At a fundraising dinner for a school that serves
learning-disabled children, the father of one of the
school's students delivered a speech that would
never be forgotten by all who attended. After
extolling the school and its dedicated staff, he
offered a question. |
"Everything God does is done with perfection. Yet, my
son, Shay, cannot learn things as other children do.
He cannot understand things as the children do. Where
is God's plan reflected in my son?"
The audience was stilled by the query.
The father continued. "I believe," the father
answered, "that when God brings a child like Shay into
the world, an opportunity to realize the Divine
Plan presents itself. And it comes in the way people
treat that child." Then, he told the following story:
Shay and I walked past a park where some boys Shay
knew were playing baseball. Shay asked, "Do you think
they will let me play?" Shay's father knew that most
boys would not want him on their team. But the father
understood that if his son were allowed to play
it would give him a much-needed sense of belonging.
Shay's father approached one of the boys on
the field and asked if Shay could play.
The boy looked around for guidance from his
teammates. Getting none, he took matters into his own
hands and said, "We are losing by six runs, and the
game is in the eighth inning. I guess he can be on
our team and we'll try to put him up to bat in the
ninth inning. In the bottom of the eighth inning,
Shay's team scored a few runs but was still behind by
three. At the top of the ninth inning, Shay put on a
glove and played in the outfield. Although no hits
came his way, he was obviously ecstatic just to be on
the field, grinning from ear to ear as his father
waved to him from the stands.
In the bottom of the ninth inning, Shay's team
scored again. Now, with two outs and the bases
loaded, the potential winning run was on base. Shay
scheduled to be the next at bat. Would the team
actually let Shay bat at this juncture and give away
their chance to win the game?
Surprisingly, Shay was given the bat. Everyone
knew that a hit was all but impossible, because Shay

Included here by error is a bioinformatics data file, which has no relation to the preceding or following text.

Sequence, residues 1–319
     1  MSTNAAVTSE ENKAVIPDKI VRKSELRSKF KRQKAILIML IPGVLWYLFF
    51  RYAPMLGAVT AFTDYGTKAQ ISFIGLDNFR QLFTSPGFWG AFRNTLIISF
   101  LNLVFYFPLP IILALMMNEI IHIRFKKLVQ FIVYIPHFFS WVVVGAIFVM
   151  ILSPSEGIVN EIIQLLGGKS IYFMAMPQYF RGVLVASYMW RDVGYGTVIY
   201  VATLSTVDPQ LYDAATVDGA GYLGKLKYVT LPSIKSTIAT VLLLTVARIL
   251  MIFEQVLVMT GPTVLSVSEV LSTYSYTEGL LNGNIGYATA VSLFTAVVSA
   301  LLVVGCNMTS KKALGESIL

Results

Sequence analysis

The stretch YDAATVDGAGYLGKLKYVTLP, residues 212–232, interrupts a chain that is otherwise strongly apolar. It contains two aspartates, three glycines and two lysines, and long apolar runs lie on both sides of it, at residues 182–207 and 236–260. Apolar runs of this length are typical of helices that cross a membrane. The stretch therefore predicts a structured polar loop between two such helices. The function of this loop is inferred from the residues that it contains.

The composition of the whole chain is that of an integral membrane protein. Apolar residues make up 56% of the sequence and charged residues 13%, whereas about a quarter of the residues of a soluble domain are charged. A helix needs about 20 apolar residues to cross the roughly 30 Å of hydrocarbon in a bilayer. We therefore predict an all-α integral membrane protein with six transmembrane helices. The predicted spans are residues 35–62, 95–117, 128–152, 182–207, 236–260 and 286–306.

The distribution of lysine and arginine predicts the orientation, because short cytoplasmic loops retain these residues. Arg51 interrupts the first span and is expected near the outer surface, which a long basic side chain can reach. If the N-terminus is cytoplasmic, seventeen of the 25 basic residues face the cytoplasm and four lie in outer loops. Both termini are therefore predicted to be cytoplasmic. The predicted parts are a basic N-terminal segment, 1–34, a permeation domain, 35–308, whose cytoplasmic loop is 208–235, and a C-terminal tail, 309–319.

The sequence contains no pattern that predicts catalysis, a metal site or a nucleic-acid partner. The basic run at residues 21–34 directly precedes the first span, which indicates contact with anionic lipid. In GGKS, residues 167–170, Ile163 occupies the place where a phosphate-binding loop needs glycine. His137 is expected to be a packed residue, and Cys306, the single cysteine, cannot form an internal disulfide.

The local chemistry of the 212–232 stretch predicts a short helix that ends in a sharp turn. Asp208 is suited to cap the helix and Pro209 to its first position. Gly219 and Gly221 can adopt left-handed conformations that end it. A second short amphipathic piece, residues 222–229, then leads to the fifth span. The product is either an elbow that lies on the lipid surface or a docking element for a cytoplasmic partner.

didn't even know how to hold the bat properly,
much less connect with the ball. However, as Shay
stepped up to the plate, the pitcher moved a few steps
closer to lob the ball in softly so Shay could
at least be able to make contact. The first pitch
came and Shay swung clumsily and missed. The pitcher
again took a few steps forward to toss the ball
softly toward Shay. As the pitch came in, Shay
swung at the ball and hit a slow ground ball to the
pitcher. The pitcher picked up the soft grounder
and could easily have thrown the ball to the first
baseman. Shay would have been out and that would have
ended the game.
Instead, the pitcher took the ball and threw it on a
high arc to right field, far beyond reach of the
baseman. Everyone started yelling, "Shay, run to
first. Run to first."
Never in his life had Shay ever made it to first
base. He scampered down the baseline, wide-eyed and
startled. Everyone yelled, "Run to second, run to
second!" By the time Shay was rounding first base,
the right fielder had the ball. He could have thrown
the ball to the second baseman for a tag. But
the right fielder understood what the pitcher's
intentions had been, so he threw the ball high and far
over the third baseman's head. Shay ran towards
second base as the runners ahead of him deliriously
circled the bases towards home.
As Shay reached second base, the opposing shortstop
ran to him, turned him in the direction of third base,
and shouted, "Run to third!" As Shay rounded
third, the boys from both teams were screaming,
"Shay! Run home!" Shay ran home, stepped on home
plate and was cheered as the hero, for hitting a
"grand slam" and winning the game for the team.
"That day," said the father softly, with tears
now rolling down his face, "the boys from both teams
helped bring a piece of the Divine Plan into
Sent by my friend Madhury Roy, Author Unknown